[Cbor] 0x5fff/0x7fff (Re: 7049bis: Diagnostic notation gaps)

Carsten Bormann <cabo@tzi.org> Wed, 16 September 2020 11:32 UTC

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From: Carsten Bormann <cabo@tzi.org>
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Date: Wed, 16 Sep 2020 13:32:08 +0200
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To: Thiago Macieira <thiago.macieira@intel.com>
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Subject: [Cbor] 0x5fff/0x7fff (Re: 7049bis: Diagnostic notation gaps)
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Hi Thiago,

Let me try to recap the two proposals for 0x5fff/0x7fff:

* Add b/t.  The minimum change would be to only allow this for empty indefinite length strings (no chunks).  In which case there still would need to be some logic to only emit b/t when the indefinite length string closes right away.  If we don’t do the minimum change, we would have interop issues with all implementations that don’t know about this.

* Use ‘’_/“”_.  This is indeed the minimum change, because it is no change from RFC 7049, just pointing out that this stands for 0x5fff and 0x7fff, respectively (well, there is a small change in that this is clarified to stand for no chunks, so you would need to say (_ ‘') etc if you have empty chunks, but that is already natural).  A generator of diagnostic notation would indeed need some look-ahead (one byte) to do this on the fly.  We don’t know how many consumers already decode ‘’_/“”_, so it is hard to say what interop issues we’d have, but the alternative (_ ) cannot be decoded unambiguously anyway.

I have a preference for not adding mechanism where it is not needed (even though this requires some code in the implementation — but that is true for both cases).

Let’s discuss this some more today at the CBOR interim meeting.

Grüße, Carsten


> On 2020-09-11, at 23:30, Thiago Macieira <thiago.macieira@intel.com> wrote:
> 
> On Friday, 11 September 2020 13:46:10 PDT Carsten Bormann wrote:
>> * (_ ) is ambiguous whether it refers to 0x5fff (an indefinite length byte
>> string with no chunks) or 0x7fff (an indefinite length text string with no
>> chunks).  The proposal in #205 is to disambiguate this by adding
>> characters, (_b ) vs. (_t ).
>> 
>> It occurred to me that a better way to represent these two encoded CBOR data
>> items would be to use ‘’_ and “”_ (please excuse the smart quotes).  This
>> is already allowed by the text in RFC 7049; we would just need to point it
>> out by adding a sentence to the last paragraph of § 8.1.  Note that in RFC
>> 7049 these notations are in principle ambiguous, i.e. ‘’_ could be a (_ )
>> (0x5fff) or (_ ‘’) or (_ ‘’ ‘’) and so on; we would probably just clarify
>> that these are to be used for (_ ) only as the other ones already have good
>> diagnostic notation.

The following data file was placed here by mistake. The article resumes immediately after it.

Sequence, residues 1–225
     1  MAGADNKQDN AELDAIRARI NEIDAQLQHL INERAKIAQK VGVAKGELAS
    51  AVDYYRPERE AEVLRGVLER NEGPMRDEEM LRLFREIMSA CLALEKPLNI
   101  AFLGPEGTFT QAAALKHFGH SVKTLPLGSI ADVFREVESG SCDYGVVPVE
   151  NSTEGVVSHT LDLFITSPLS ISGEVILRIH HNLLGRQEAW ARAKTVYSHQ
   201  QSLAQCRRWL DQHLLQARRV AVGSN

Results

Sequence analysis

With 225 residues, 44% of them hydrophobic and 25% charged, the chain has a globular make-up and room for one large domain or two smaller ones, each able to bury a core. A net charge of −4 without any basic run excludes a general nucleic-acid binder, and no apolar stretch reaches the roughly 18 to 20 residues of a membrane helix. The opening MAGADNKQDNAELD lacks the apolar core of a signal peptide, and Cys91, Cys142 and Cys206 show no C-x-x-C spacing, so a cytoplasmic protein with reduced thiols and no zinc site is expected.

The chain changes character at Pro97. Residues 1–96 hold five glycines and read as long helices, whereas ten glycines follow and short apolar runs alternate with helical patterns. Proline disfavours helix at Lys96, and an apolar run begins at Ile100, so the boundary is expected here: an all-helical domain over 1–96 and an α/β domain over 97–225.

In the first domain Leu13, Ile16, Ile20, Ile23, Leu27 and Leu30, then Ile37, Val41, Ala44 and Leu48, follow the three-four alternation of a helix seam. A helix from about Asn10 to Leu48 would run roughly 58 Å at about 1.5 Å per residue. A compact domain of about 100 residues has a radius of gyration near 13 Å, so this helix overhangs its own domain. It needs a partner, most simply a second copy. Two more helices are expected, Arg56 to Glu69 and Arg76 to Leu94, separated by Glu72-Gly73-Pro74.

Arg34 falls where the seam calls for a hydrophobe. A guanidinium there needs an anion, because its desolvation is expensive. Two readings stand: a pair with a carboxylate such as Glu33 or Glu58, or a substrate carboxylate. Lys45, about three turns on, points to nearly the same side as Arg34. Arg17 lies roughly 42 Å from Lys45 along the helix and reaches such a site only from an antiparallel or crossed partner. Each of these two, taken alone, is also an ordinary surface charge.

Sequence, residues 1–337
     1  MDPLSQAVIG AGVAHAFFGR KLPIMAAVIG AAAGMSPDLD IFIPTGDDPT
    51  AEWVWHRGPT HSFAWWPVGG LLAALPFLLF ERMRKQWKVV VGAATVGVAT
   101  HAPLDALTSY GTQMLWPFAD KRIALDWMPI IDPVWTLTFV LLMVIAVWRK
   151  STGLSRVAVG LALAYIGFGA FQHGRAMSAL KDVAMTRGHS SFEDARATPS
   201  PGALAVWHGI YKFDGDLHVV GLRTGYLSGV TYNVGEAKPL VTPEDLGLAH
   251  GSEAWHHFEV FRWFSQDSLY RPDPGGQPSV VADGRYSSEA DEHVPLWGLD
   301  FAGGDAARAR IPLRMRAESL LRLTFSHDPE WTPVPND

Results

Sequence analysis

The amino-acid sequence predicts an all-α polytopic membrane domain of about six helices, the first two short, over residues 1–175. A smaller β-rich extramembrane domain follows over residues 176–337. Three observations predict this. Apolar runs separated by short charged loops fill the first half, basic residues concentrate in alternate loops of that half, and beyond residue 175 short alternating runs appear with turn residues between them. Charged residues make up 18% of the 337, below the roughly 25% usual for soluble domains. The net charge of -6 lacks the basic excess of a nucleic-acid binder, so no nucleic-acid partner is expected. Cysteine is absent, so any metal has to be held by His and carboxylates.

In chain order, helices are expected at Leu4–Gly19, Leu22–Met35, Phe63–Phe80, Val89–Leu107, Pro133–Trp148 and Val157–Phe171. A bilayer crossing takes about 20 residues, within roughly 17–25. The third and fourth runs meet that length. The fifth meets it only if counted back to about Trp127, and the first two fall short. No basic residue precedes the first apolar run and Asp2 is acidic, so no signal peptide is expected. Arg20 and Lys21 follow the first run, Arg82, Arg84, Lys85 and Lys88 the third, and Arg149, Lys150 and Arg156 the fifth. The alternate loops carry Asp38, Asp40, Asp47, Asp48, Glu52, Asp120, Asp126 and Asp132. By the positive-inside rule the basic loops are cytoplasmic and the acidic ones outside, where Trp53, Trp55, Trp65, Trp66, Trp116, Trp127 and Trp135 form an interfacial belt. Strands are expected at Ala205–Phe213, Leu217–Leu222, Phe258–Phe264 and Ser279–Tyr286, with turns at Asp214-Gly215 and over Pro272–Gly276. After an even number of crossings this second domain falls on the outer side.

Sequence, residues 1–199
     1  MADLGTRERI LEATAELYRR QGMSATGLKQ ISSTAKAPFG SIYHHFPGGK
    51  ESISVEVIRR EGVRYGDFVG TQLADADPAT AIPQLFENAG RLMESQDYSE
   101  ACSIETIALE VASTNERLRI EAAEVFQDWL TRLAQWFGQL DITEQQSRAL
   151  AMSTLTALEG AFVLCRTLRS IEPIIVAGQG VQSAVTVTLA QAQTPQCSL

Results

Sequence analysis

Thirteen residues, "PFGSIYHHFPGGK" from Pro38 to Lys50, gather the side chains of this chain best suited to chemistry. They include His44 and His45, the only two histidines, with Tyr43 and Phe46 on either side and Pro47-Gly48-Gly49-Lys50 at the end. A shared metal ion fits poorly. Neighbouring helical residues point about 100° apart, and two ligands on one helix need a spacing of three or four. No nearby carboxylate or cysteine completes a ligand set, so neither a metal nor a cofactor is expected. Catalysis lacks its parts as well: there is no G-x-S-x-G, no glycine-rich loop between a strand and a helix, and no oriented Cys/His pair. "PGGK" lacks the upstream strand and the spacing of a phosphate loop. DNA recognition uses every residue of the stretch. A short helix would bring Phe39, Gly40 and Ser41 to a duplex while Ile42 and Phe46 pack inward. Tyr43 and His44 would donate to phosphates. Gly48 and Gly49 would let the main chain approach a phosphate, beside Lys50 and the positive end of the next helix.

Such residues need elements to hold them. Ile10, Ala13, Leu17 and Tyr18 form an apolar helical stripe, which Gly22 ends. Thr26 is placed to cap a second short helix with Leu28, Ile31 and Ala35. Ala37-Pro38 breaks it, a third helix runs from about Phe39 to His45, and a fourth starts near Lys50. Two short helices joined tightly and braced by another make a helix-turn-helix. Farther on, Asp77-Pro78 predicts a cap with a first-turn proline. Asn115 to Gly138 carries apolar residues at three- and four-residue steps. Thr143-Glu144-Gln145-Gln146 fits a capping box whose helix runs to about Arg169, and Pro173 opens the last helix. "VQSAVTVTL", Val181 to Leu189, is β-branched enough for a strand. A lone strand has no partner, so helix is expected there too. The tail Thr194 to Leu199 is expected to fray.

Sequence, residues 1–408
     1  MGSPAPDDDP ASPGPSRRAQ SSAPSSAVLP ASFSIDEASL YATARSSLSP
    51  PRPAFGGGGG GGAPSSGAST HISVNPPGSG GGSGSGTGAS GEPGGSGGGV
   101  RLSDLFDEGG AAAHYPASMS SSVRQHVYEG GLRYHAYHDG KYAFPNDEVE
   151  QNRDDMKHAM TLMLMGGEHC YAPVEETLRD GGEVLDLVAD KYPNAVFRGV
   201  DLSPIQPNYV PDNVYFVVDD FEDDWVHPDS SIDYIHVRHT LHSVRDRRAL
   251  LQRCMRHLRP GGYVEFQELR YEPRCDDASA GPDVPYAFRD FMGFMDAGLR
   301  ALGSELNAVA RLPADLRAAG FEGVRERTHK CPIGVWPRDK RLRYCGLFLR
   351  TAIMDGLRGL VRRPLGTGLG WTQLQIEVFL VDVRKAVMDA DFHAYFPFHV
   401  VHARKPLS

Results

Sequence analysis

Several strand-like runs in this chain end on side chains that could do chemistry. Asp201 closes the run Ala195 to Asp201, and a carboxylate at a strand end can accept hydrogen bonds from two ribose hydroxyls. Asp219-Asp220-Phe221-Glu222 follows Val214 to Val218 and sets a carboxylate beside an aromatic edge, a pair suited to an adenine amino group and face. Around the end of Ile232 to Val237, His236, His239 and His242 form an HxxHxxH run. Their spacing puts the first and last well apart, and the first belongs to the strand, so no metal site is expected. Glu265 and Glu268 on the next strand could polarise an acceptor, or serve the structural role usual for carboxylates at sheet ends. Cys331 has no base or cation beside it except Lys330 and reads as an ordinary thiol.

> 
> That would mean needing to keep a state whether the payload was empty or not 
> and backtrack. A diagnostic printer currently can see the 0x5f or 0x7f and 
> print "(_ ", then continue on. In order to print ""_ for 0x7fff, it needs to 
> forego printing the parenthesis opening.
> 
> The simplest solution is to add the "b" or "t" unconditionally.
> 
>> (The payload here is the sign bit and the 11/24/53 significand [sic!] bits;
>> in the binaryxx formats there is an exponent intervening of 5/8/11 bits
>> which must be all ones, and the significand may not be all zeroes — those
>> are the values for the two infinities, so only ~ 53.9999999999999998398
>> bits are actually available.)
>> 
>> I think this is ugly as hell, but it also is the best proposal so far.
> 
> It would be far easier to dump the binary representation of the entire 
> floating point number, including the exponent bits. If this format were 
> allowed, a diagnostic printer with no support for stringifying floating point 
> numbers could use it for other values too.
> 
> Second option would be to use it like gdb prints:
> 
> 	-nan(0x20000)
> 
> The type information can be encoded as either "nanf" (float) and "nanf16" (for 
> _Float16).
> 
> If parentheses are not a good idea, then a third option is to print only the 
> significand bits, dropping the "0x" too. It's clearly hexadecimal, we don't 
> need the "x". In that case, we'd use the _ modification to indicate encoding 
> length, as "-nan_001_1" for a negative 16-bit signalling NaN.
> 
> Either way, the document should advise what to do when it comes to signalling 
> / quiet NaNs. The CBOR spec recommends that only the IEEE-recommended non-
> signalling form be used
> 
> "If NaN is an allowed value, it must always be represented as 0xf97e00."
> 
> The table in Appendix A also lists 0xfa7fc00000 and 0xfb7ff8000000000000, 
> which match the IEEE recommendations for QNaN. But the Wikipedia page warns 
> that some (older?) machines invert it and encode signalling NaN with the 
> topmost mantissa bit set.
> 
> I would recommend that it print "nan" only if it's one of those three. And if 
> it's distinguishing the payload length, "nan" is only for the double-precision 
> case, the others requiring "nanf" or "nanf16" (if using the variant with 
> parentheses), or for the 16-bit with "nan_2" and "nan_3" for the single- and 
> double-precision ones respectively if not using parentheses.
> 
> -- 
> Thiago Macieira - thiago.macieira (AT) intel.com
>  Software Architect - Intel DPG Cloud Engineering
> 
> 
> 
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